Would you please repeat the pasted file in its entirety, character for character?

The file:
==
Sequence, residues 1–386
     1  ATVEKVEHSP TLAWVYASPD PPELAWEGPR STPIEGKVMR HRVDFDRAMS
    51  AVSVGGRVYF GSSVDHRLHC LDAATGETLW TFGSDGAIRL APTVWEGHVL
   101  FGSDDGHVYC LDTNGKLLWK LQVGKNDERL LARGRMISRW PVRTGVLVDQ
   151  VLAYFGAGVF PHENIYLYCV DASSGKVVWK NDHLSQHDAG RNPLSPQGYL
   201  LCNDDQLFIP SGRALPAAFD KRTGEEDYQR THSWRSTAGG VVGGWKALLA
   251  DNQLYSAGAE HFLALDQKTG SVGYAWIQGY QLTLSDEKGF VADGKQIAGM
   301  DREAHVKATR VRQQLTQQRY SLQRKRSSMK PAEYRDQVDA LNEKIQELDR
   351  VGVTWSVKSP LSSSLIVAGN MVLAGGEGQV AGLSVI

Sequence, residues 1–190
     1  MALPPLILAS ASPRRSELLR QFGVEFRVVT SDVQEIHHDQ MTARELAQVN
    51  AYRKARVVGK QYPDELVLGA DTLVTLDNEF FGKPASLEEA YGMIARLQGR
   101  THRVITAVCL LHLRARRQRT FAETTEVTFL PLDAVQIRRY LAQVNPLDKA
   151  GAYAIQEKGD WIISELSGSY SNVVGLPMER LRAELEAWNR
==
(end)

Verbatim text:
Sequence, residues 1–386
     1  ATVEKVEHSP TLAWVYASPD PPELAWEGPR STPIEGKVMR HRVDFDRAMS
    51  AVSVGGRVYF GSSVDHRLHC LDAATGETLW TFGSDGAIRL APTVWEGHVL
   101  FGSDDGHVYC LDTNGKLLWK LQVGKNDERL LARGRMISRW PVRTGVLVDQ
   151  VLAYFGAGVF PHENIYLYCV DASSGKVVWK NDHLSQHDAG RNPLSPQGYL
   201  LCNDDQLFIP SGRALPAAFD KRTGEEDYQR THSWRSTAGG VVGGWKALLA
   251  DNQLYSAGAE HFLALDQKTG SVGYAWIQGY QLTLSDEKGF VADGKQIAGM
   301  DREAHVKATR VRQQLTQQRY SLQRKRSSMK PAEYRDQVDA LNEKIQELDR
   351  VGVTWSVKSP LSSSLIVAGN MVLAGGEGQV AGLSVI

Sequence, residues 1–190
     1  MALPPLILAS ASPRRSELLR QFGVEFRVVT SDVQEIHHDQ MTARELAQVN
    51  AYRKARVVGK QYPDELVLGA DTLVTLDNEF FGKPASLEEA YGMIARLQGR
   101  THRVITAVCL LHLRARRQRT FAETTEVTFL PLDAVQIRRY LAQVNPLDKA
   151  GAYAIQEKGD WIISELSGSY SNVVGLPMER LRAELEAWNR